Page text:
North Otago Legends – Adair Craik


This week’s North Otago Legend is Adair Craik:

Heart of gold is how I would describe Adair Craik. Adair is a multi talented sports women and business leader in North Otago. She is not afraid to roll up her sleeves and get things done. A big part of her business is focused on non-profit organizations and a big part of her spare time is helping the next generation of athletics have all the opportunities available to them.

John Grenell 19.7.44 – 26.7.22


Country music singer John Grenell (formerly Hore) has died.

. . . Grenell, who was born in Ranfurly, had a number one hit single in the 1990s with the Jim Reeves song, Welcome To Our World.

The song was heavily featured nationally in a Toyota vehicle TV advertising campaign.

He also had a big hit with the song I’ve been everywhere which was adapted to feature many place names in Aotearoa.

He performed in several countries and won multiple country music awards. . .

North Otago legends – Jock Webster


Jock Webster is another North Otago legend:

Scientist, farmer, director, trustee and QSM, Jock Webster is a busy man in our community. In today’s podcast we talk about the many benefits that irrigation has brought to North Otago and the humble sunflower that has helped create a successful business. Jock is a family man and has passed onto his children a legacy that continues to bless the community.

Jock’s son and nephew featured on Country Calendar a few weeks ago, you can watch the episode here.

North Otago Legends – Derek Beveridge


Derek Beveridge is a North Otago Legend

It’s Sergeant Beveridge. Many young people have uttered the words ‘It’s Sergeant Beveridge’ over the last 36 years, some because they were on the wrong side of the law and others because it was Derek who believed in them and was there when they needed someone they could trust. Derek has helped more teenagers than he cares to remember, and North Otago is glad he did. Thanks Derek. 

North Otago Legends – Al Bell


Al Bell is a North Otago Legend:

Ko te joker e pai ana ki te ora (The joker who enjoys life) He calls himself the class clown or joker but in truth Al Bell just loves life and doesn’t take it too seriously.

Today’s podcast was a laugh and if Mr Bell taught you over the years you’ll know why. Al shares about teaching in the district and opens up about his art and why it’s a passion.  


North Otago Legends – Kristy Jennings


Kristy Jennings is a North Otago Legend:

From ‘Beauty Queen’ to ‘Godzone’  Kristy Jennings (Wilson) shares with us where life can take you when you say yes. A truly remarkable story of opportunities and persistence, overcoming fears and pushing yourself to the limit. Kristy is humble in her achievements and still a proud North Otago girl.

North Otago Legends – Win Stephens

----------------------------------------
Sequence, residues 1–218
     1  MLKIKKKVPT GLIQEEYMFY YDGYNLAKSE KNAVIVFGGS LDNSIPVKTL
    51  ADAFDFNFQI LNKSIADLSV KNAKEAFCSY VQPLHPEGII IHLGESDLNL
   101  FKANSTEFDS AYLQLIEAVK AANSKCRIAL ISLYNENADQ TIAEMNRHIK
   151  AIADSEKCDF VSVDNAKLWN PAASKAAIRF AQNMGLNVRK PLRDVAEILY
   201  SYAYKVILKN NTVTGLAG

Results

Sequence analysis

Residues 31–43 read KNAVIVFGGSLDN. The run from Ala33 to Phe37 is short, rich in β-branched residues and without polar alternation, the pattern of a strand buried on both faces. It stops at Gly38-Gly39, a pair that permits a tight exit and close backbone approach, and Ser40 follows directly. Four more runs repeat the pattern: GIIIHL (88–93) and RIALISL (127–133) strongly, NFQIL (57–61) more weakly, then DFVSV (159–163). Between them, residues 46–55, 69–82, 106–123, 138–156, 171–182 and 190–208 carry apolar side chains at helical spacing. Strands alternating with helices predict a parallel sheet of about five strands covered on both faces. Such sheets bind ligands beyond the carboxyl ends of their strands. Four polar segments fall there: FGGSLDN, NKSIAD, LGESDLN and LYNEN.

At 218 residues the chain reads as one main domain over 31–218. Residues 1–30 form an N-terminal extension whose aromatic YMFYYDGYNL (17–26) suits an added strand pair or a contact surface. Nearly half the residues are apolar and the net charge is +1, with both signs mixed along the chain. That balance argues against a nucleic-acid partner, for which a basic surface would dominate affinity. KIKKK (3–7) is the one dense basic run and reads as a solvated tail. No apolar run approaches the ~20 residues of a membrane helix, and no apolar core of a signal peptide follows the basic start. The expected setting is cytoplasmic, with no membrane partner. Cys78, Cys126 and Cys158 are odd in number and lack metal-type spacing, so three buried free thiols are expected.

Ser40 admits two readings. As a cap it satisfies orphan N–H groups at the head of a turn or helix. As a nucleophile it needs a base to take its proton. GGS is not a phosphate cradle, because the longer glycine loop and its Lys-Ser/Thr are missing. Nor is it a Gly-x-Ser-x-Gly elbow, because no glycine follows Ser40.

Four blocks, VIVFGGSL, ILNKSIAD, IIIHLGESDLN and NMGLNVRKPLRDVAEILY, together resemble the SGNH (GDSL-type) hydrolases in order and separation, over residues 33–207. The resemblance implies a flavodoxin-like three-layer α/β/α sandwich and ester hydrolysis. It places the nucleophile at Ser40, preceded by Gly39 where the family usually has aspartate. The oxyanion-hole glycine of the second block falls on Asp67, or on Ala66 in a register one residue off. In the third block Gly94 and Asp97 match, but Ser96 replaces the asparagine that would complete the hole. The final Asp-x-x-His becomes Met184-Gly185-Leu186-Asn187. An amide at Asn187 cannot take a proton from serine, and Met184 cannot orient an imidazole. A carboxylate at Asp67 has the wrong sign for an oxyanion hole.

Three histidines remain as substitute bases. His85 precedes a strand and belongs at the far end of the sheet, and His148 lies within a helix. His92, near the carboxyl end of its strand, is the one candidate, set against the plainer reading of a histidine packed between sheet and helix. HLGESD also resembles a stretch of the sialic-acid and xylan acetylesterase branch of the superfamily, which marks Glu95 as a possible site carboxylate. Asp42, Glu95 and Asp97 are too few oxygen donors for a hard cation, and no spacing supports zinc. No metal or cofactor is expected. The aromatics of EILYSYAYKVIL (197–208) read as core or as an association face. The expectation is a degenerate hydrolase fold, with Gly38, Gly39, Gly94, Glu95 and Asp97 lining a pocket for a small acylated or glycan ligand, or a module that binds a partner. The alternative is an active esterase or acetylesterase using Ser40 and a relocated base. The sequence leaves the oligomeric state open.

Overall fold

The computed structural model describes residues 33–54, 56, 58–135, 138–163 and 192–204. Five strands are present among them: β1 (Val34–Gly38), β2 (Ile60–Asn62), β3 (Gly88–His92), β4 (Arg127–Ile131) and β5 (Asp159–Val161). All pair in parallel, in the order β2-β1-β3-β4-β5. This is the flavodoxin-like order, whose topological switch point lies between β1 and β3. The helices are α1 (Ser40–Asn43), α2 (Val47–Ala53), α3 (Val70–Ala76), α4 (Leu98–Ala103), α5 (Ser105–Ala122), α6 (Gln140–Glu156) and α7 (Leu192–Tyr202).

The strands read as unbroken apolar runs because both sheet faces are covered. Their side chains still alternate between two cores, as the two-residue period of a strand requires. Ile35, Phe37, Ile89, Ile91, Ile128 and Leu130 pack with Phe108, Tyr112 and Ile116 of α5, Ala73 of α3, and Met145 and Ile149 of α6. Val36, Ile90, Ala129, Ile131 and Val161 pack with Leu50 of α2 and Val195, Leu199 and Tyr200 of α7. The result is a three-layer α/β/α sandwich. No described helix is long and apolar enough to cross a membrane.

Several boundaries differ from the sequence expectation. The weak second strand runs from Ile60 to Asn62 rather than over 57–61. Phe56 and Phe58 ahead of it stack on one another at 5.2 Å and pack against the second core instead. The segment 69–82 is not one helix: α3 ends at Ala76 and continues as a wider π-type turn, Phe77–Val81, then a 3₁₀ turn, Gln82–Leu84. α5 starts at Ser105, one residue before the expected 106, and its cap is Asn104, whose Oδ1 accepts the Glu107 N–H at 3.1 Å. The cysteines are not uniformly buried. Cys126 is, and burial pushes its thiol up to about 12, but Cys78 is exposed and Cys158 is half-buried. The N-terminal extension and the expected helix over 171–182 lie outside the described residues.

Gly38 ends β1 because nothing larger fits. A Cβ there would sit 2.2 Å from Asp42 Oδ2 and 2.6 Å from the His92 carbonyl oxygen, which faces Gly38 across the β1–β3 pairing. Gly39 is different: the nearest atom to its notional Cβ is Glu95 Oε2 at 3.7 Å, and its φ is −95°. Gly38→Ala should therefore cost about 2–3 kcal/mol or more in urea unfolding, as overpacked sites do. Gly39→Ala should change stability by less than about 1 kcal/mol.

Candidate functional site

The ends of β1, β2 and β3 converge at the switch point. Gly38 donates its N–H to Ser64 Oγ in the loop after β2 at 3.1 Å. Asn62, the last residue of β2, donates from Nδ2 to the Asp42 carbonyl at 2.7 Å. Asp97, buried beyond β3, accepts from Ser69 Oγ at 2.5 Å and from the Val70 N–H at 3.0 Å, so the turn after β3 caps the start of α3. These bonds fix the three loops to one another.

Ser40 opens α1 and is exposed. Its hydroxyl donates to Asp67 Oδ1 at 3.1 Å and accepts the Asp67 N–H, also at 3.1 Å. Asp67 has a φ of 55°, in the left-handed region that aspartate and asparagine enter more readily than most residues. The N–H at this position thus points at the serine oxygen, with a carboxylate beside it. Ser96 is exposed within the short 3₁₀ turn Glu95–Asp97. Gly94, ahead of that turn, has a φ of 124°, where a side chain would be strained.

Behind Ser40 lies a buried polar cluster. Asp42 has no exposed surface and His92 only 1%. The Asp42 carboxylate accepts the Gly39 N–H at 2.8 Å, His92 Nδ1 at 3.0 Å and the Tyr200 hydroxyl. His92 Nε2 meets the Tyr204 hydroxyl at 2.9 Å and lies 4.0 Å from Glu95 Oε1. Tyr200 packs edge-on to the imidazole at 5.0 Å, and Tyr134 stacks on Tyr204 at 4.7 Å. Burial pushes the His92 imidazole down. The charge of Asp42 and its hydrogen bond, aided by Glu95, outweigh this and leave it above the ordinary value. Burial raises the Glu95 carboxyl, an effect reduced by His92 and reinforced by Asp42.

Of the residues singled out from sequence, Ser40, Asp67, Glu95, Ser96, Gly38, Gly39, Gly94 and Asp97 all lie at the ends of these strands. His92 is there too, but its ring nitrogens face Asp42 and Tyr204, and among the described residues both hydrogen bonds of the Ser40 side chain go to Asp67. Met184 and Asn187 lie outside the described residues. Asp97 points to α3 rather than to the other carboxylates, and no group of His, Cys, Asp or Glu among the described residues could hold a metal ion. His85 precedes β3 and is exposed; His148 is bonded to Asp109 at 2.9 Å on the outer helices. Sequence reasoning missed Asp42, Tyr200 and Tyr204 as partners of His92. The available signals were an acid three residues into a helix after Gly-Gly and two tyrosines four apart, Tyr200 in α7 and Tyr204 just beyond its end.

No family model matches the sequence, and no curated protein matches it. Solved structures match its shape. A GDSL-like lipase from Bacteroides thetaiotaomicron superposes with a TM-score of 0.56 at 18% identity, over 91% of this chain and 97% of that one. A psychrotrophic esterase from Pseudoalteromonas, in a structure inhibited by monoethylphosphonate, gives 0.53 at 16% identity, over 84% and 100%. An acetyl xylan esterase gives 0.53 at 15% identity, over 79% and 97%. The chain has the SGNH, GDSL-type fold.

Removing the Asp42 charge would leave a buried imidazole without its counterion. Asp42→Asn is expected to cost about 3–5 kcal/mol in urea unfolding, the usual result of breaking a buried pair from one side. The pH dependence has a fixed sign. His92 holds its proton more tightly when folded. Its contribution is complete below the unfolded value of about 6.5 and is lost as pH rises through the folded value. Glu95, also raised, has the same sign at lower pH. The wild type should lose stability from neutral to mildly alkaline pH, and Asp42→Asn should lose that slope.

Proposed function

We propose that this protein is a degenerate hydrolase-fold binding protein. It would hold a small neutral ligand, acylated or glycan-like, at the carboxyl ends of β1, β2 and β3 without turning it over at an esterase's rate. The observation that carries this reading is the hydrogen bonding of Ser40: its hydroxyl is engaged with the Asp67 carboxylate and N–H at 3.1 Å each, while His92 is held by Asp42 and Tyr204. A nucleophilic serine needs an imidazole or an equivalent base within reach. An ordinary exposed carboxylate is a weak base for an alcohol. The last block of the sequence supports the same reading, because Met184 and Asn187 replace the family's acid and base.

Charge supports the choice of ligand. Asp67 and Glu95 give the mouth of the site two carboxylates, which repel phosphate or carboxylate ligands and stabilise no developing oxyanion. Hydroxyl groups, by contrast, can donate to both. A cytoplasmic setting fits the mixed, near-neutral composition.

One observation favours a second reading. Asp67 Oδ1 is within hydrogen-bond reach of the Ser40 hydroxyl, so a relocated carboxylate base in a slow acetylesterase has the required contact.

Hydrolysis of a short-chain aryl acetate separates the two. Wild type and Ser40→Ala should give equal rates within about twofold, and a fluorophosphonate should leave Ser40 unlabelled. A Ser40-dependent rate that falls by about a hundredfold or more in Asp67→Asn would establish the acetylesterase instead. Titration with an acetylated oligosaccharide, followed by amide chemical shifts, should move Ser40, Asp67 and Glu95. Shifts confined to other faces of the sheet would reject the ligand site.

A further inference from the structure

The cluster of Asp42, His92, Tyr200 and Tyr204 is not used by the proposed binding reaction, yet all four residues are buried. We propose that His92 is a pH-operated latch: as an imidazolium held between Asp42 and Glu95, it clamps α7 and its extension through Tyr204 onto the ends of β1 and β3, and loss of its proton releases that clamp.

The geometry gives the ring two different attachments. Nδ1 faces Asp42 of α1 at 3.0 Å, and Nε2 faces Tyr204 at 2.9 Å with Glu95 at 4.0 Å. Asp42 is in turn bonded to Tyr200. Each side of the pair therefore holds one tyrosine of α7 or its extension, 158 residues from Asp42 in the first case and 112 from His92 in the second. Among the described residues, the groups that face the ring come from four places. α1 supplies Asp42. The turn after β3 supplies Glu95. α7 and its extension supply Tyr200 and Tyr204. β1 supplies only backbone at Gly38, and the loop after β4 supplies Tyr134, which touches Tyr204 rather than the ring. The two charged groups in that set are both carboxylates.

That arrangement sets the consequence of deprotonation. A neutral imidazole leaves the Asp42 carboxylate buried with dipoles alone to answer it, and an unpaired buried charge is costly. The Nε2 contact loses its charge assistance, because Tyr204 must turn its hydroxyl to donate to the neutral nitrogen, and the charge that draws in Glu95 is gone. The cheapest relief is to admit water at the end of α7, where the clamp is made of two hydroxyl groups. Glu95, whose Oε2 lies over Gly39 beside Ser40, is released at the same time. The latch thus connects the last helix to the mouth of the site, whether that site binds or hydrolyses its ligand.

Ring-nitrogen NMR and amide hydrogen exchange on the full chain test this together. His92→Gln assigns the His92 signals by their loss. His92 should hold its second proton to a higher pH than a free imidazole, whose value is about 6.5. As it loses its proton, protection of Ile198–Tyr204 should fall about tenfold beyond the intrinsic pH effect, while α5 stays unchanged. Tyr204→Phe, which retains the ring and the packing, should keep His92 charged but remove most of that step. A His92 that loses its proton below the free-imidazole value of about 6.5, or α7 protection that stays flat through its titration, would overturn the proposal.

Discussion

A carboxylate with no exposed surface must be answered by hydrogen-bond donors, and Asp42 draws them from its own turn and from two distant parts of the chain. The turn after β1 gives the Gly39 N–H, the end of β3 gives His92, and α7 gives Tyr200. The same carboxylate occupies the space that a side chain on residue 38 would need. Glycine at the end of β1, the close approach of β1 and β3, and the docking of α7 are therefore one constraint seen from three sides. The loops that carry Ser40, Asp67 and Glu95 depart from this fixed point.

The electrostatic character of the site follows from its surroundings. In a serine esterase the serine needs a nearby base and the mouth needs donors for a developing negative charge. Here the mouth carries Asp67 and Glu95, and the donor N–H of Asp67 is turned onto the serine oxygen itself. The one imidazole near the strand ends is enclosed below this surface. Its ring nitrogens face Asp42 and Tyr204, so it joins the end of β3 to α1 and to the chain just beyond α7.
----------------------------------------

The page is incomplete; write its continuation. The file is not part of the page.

Win Stephens is a North Otago Legend.

Four rowers, one cox and an exceptional coach put North Otago on the map in 1962. Win Stephens and his crew had the support of the entire district as he chased Gold at the Commonwealth Games.

North Otago Legends – Logan Docherty


Logan Docherty is chasing an Olympic rowing dream and an up and coming North Otago Legend:

How far can you push your body, what is a normal heart rate for a competing athlete? On todays podcast we chat with Logan Docherty a young man chasing an Olympic dream.

North Otago Legends – Barry Wilson


Barry Wilson is a businessman, a hunter, a practical environmentalist and a North Otago Legend:

A Businessman, hunter, and good bloke. Today we set out to chat with Barry Wilson about hunting in North Otago but got so much more. Barry shares some history of the district when recounting his first job and we found out what it takes to create a wetland for the community to enjoy. 

North Otago Legends Sally Ann Donnelly


Sally Ann Donnelly is a buisnesswoman,  a philanthropist and a North Otago Legend:

Every town needs a Sally Ann Donnelly. Someone who is hard working, a visionary and generous. Sal is unique and always puts others 1st, she has raised hundreds of thousands of dollars for charity and gives freely of her own time to see the community blessed. Sal, North Otago loves you.                  

North Otago Legends – Kelli Williams


From accounts clerk to District Councillor, via an Air Froce helicopter pilot, Kelli Williams is a North Otago legend:

Dr. Seuss said it best when he said: “Kid, you’ll move mountains!” “Wherever you fly, you’ll be best of the best. Wherever you go, you will top all the rest.” “Oh the places you’ll go! – We think this sums up Kelli Williams, and after listening to her podcast you’ll see why.

The Happiest Man On Earth – Eddie Jaku


Eddie Jaku was a proud German but he and his family were also Jewish and when Hitler came to power their lives changed for the worse, and for ever.